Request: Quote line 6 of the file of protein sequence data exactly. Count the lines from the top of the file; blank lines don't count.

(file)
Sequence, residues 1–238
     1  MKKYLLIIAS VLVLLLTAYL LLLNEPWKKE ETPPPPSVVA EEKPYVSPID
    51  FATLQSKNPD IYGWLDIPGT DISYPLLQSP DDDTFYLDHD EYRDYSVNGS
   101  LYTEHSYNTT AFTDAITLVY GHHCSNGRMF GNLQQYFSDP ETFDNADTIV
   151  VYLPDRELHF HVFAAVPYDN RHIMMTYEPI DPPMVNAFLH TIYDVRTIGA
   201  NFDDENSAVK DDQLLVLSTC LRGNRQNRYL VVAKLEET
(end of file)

   201  NFDDENSAVK DDQLLVLSTC LRGNRQNRYL VVAKLEET